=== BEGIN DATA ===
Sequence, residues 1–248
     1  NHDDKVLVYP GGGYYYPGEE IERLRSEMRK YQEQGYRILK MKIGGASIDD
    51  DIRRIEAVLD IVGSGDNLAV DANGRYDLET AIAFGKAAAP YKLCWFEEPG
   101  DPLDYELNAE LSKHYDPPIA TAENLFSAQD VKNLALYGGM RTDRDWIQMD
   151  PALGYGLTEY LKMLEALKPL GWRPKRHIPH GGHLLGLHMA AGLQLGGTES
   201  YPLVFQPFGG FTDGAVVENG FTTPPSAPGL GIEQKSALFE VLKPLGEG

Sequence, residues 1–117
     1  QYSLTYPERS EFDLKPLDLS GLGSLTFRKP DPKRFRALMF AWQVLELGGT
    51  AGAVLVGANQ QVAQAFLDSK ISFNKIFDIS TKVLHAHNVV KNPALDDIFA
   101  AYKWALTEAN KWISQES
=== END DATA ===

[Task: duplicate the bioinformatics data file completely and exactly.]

Sequence, residues 1–248
     1  NHDDKVLVYP GGGYYYPGEE IERLRSEMRK YQEQGYRILK MKIGGASIDD
    51  DIRRIEAVLD IVGSGDNLAV DANGRYDLET AIAFGKAAAP YKLCWFEEPG
   101  DPLDYELNAE LSKHYDPPIA TAENLFSAQD VKNLALYGGM RTDRDWIQMD
   151  PALGYGLTEY LKMLEALKPL GWRPKRHIPH GGHLLGLHMA AGLQLGGTES
   201  YPLVFQPFGG FTDGAVVENG FTTPPSAPGL GIEQKSALFE VLKPLGEG

Sequence, residues 1–117
     1  QYSLTYPERS EFDLKPLDLS GLGSLTFRKP DPKRFRALMF AWQVLELGGT
    51  AGAVLVGANQ QVAQAFLDSK ISFNKIFDIS TKVLHAHNVV KNPALDDIFA
   101  AYKWALTEAN KWISQES